Also called the chain lift, or chain incline. This houses the chain, trough, pulleys, and chain-return trough. Under or near it is the motor house and electrical room to run the chain drive that pulls the train up the first hill. From there only gravity "propels" the coaster.

See: "Catch Wagon".

A magnetic propulsion system used to launch coaster trains.

A magnetic propulsion system used to launch coaster trains.

The area level with the train. It contains the corral lines which separate riders in queue and direct them to each seating position.

This element takes the coaster up vertically and completely upside down. It is not in the shape of a circle as many people think, but more of a partial ellipse called a clothoid loop. This is to allow the center of gravity of the train to cross the highest point of the loop and allow the weight of the front cars to pull the rest of the train through the loop. A circle curvature could be dangerous as the train would have to travel further around the circle before gravity could take over. If there wasn't enough momentum, the coaster would stand more of a chance not to make it through the loop. Also, a circle curvature would put Examples are "Dragon Fire" at Canada's Wonderland and The "Mindbender" at Galaxyland.
    Note: The term "loop" should not be used to denote other elements which also turn riders upside down.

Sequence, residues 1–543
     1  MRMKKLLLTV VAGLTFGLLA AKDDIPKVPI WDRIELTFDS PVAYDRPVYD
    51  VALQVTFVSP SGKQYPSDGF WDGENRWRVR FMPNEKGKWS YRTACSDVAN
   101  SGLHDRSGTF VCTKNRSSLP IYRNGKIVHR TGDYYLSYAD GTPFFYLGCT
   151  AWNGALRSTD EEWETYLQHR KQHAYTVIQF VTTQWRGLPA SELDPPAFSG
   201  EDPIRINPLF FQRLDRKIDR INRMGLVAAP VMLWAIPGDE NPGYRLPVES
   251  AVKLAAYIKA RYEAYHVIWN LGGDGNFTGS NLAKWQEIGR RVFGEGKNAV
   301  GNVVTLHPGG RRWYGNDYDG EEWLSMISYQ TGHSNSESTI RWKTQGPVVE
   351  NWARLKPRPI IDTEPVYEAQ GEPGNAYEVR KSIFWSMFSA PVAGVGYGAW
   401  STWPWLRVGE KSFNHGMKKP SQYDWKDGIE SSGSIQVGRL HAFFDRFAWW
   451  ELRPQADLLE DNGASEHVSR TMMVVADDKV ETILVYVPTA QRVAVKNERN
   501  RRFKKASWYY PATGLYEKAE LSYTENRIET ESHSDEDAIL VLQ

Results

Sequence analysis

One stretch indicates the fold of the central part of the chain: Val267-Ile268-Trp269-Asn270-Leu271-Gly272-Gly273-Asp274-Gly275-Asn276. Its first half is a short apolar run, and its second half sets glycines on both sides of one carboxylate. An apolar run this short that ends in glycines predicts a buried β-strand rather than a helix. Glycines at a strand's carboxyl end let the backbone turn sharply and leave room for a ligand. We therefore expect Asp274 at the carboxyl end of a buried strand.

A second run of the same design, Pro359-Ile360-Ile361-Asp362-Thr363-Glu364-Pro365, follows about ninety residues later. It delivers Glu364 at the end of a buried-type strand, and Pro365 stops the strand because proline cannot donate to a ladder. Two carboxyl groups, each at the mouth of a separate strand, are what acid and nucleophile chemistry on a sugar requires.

A roller coaster that loops.

Coasters are launched by Linear Induction or Synchronous motors.

A type of coaster track layout that approximates a squashed ellipse. The train would go "out" to the farthest point from the station, circle around and come "back" on a track almost beside the outgoing. It did no fancy turns or figure 8's. Try The "Mighty Canadian Minebuster" at Canada's Wonderland, Ontario.

A sled or arm pulls the train to the top of the first incline and releases it. La Ronde's Le Boomerang uses this method.

A sled or arm pushes the train to the top of the first incline and releases it. See "Time Warp" at Canada's Wonderland.

A switch located near the track that is tripped as the train passes. Its closure signals the ride operator's monitor board to show that a train has passed a certain point. It's called proximity because it is close to the train but does not have to be touched to be tripped.